Side two begins with violin and harmonium and again provides a bleakness of musical landscape on which rests Nico’s vocals. Whereas the music of “Janitor of Lunancy” might be likened to a hot, dry Bulgarian plain in early August, “Abscheid” more closely resembles a cold, desolate Scottish lowland in the darkness of a January morning. The next track, “Afraid”, ironically is more musically and lyrically hopeful. Mutterlein, an ode either specifically to Nico’s mother or mothers in general is austere and heartfelt. Almost Schubertian, this work was performed almost 28 years later at Nico’s funeral after her tragic death from a cerebral hemorrhage.

The album ends with the moderate paced, but doggedly forward-driving “All That is My Own”, beautiful and distinctive. Altogether Desertshore is the equivalent of a cohesive song cycle with commendable vocals and praiseworthy compositions from one of the more notable, but often overlooked, singer-songwriters of this era.

Rainbow River

Vashthi Bunyan: Just Another Diamond Day

A singer-songwriter even more overlooked than Nico was Vashthi Bunyan, whose 1970 album, Just Another Diamond Day, recorded in November and December 1969 and released in December 1970, sold so poorly that Bunyan would stop recording and performing and not make another album until 2005. Thankfully, the album gained attention during the rise of the small-label Indie rock artists, when it’s simplicity and musical honesty was more fully appreciated.

Colosseum: Daughter of Time, If: If2

Additional albums of note for December 1970 include Colosseum’s Daughter of Time, and If’s second album, the fine jazz-rock If2.

Beethoven

On December 16, 1970, the Dorothy Chandler Pavillion in the Los Angeles Music Center hosted the monumental 12-hour Beethoven Marathon for Beethoven‘s 200th birthday celebration. Those of us in Advanced Placement English at my high school were lucky enough to be bussed to the event. Admission was $1 and we had to leave before evening, but I got to hear several hours of great music including the Beethoven Octet! I was so taken by the piece, I tried to stay for the evening performances, but as I didn’t have a ride arranged back to Orange County, I had to leave with the rest of my classmates. Nonetheless the music I did hear left a lasting impression still remembered today. Classical music on recordings falls far short of a good live performance, and I was very fortunate to hear so many fine performances fifty years ago.

File:Dorothy Chandler Pavilion, LA, CA, jjron 22.03.2012.jpg
Portrait Ludwig van Beethoven

Fifty Year Friday: Nico, The Marble Index; Frank Zappa & The Mothers of Invention, Cruising with Ruben and the Jets

nicomain_1358103311_crop_640x480

Nico: The Marble Index

Quite a contrast to her first album, The Marble Index is a true art-rock album, sounding more like a collection of twentieth century classical leider than a follow-up to her relatively accessible first album.  Her intonation and singing is also better as she navigates nicely against her harmonium accompaniment and John Cale’s detailed arrangements.

Track listing [From discogs.org]

All tracks written by Nico.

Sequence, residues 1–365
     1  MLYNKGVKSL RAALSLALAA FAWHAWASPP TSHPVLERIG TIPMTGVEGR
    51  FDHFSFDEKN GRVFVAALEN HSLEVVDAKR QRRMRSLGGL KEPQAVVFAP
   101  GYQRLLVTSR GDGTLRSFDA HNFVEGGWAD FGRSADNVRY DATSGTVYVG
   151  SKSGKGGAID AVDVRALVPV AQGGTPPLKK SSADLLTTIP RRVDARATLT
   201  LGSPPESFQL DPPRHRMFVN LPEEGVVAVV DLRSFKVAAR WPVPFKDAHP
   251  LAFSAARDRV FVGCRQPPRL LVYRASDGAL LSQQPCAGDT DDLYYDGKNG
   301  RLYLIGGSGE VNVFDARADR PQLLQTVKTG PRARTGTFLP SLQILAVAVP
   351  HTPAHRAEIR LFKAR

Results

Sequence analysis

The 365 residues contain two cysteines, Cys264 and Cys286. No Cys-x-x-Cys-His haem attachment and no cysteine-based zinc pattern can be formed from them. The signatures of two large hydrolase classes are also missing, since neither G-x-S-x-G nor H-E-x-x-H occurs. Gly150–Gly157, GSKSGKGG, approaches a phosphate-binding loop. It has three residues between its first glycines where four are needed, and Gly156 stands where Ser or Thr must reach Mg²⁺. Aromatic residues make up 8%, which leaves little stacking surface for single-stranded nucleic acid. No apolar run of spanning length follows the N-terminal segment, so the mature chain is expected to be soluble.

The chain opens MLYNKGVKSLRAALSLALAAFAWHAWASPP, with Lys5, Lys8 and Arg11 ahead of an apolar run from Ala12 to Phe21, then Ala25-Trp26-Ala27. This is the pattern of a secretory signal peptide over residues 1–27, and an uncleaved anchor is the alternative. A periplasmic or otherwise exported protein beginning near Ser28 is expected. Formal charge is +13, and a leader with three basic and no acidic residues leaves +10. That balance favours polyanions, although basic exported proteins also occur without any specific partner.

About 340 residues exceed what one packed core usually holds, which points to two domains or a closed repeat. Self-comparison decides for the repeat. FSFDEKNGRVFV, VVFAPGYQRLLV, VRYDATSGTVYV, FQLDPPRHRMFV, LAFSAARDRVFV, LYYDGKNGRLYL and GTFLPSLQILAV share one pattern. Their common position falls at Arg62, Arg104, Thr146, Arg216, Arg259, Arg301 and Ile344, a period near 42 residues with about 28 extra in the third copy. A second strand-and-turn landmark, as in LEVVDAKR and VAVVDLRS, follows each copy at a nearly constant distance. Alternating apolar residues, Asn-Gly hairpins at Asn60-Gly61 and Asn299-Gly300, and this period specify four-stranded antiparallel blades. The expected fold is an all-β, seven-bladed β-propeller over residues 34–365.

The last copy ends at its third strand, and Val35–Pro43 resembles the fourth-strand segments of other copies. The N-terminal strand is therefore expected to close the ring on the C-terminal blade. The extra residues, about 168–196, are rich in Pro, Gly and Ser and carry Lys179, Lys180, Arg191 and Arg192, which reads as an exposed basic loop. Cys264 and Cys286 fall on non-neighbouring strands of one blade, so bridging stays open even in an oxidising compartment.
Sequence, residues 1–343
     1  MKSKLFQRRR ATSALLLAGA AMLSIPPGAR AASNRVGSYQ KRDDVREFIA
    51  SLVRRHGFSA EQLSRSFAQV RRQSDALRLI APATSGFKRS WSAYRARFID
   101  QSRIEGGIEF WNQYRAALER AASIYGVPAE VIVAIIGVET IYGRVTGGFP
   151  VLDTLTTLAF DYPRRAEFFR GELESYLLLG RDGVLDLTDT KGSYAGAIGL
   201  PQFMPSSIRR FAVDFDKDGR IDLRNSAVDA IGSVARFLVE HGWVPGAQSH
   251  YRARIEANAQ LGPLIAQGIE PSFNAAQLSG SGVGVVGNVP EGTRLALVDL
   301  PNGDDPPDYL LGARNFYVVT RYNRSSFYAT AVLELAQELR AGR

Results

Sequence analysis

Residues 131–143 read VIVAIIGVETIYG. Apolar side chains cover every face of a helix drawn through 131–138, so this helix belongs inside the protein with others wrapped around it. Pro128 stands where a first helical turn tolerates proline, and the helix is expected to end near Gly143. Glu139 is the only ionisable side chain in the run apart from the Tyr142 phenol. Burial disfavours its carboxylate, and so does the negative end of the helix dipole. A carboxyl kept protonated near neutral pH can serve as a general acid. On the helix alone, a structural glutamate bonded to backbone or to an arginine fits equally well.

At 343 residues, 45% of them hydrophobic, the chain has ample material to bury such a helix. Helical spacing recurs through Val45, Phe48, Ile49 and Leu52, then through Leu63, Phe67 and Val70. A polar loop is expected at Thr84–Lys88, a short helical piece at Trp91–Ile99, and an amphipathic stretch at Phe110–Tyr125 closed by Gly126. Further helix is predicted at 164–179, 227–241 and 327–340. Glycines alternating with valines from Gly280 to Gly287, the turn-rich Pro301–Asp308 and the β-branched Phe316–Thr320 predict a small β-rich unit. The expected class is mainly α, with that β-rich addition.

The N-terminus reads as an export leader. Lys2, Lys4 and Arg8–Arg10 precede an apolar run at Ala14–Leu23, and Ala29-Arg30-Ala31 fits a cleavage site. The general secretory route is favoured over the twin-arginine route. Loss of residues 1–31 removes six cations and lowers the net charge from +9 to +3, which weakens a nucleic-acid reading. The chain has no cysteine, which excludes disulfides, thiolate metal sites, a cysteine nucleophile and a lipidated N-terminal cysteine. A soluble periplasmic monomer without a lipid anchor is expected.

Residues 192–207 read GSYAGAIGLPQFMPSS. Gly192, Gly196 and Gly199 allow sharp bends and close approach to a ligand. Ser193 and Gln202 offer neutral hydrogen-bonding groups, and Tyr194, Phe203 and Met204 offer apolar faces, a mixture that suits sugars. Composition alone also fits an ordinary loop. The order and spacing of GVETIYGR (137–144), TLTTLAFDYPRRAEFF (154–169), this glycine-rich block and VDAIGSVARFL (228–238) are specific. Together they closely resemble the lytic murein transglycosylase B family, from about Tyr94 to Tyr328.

Personnel 

  • Words and music – Nico
  • Arrangements – John Cale
  • Producer – Frazier Mohawk
  • Production supervisor – Jac Holzman
  • Engineer – John Haeny
  • Photography – Guy Webster
  • Design – Robert L. Heimall
  • Art direction – William S. Harvey

FZCS633669-01A-BIG

Frank Zappa & The Mothers of Invention: Cruising With Ruben & The Jets

I heard this album in the summer of 1969, and honestly didn’t know what to make of it: was it a satire of fifties music or an homage? I had several 45 singles from the late fifties that I received as gifts from my grandfather whose worked at Firestone Tire and Rubber Company, a forty acre complex in South Gate, California.  I don’t know how he got all these free 45s, but figured it had something to do with his work at Firestone;  many were marked as “Promotional” or “Promo”, and these various 45s, on a wide array of different record labels, provided me with an rudimentary education of fifties hits (and I believe misses, for most of this music I have never heard again since I listened to it as a child) that I am thankful for today.

So listening to this Cruising With Ruben & The Jets album for the first time at my cousin’s shared college-vicinity apartment in Sonoma County, having taken in the earlier Zappa albums there, this was a very confusing contrast to their other material.

Listening to it again, for the first time in forty-nine years, and fifty years after its initial release on November 2, 1969, I better appreciate the songwriting and solid musicianship.

And I am not so puzzled, I think.

This concept album about a fictitious band from Chino, California that eschews the modern rock of 1968 to play fifties music is both a tribute to fifties music and a satire of fifties music.  This well-balanced mixture of reverence and parody is not a characteristic of all satires.  Some satirical representations or portrayals are just totally fine with mocking, ridiculing, and belittling, and the worst examples do so with little regard towards faithfulness or accuracy.  But it seems the best satirical music, from PDQ Bach to The Ruttles to Cruising With Ruben and the Jets, are works of love, celebrating the artistic strengths as well as the individual idiosyncrasies of their target and touching our hearts as well as bringing a smile to our faces.

cropped back out.png

Track listing [From Wikipedia]

All tracks written by Frank Zappa except as noted.

Side one
No. Title Writer(s) Length
1. “Cheap Thrills” 2:23
2. “Love of My Life” 3:10
3. “How Could I Be Such a Fool” 3:35
4. “Deseri” Collins, Paul Buff 2:07
5. “I’m Not Satisfied” 4:03
6. “Jelly Roll Gum Drop” 2:20
7. “Anything” Collins 3:04
Side two
No. Title Writer(s) Length
8. “Later That Night” 3:06
9. “You Didn’t Try to Call Me” 3:57
10. “Fountain of Love” Zappa, Collins 3:01
11. “No. No. No.” 2:29
12. “Any Way the Wind Blows” 2:58
13. “Stuff Up the Cracks 4:35
Total length: 40:34

Personnel

Musicians
Production
  • Producer: Frank Zappa
  • Engineer: Dick Kunc
  • Cover Art: Cal Schenkel
  • Cover Design: Cal Schenkel
  • Artwork: Cal Schenkel

Fifty Year Friday: Velvet Underground “The Velvet Underground & Nico”; Nico “Chelsea Girl”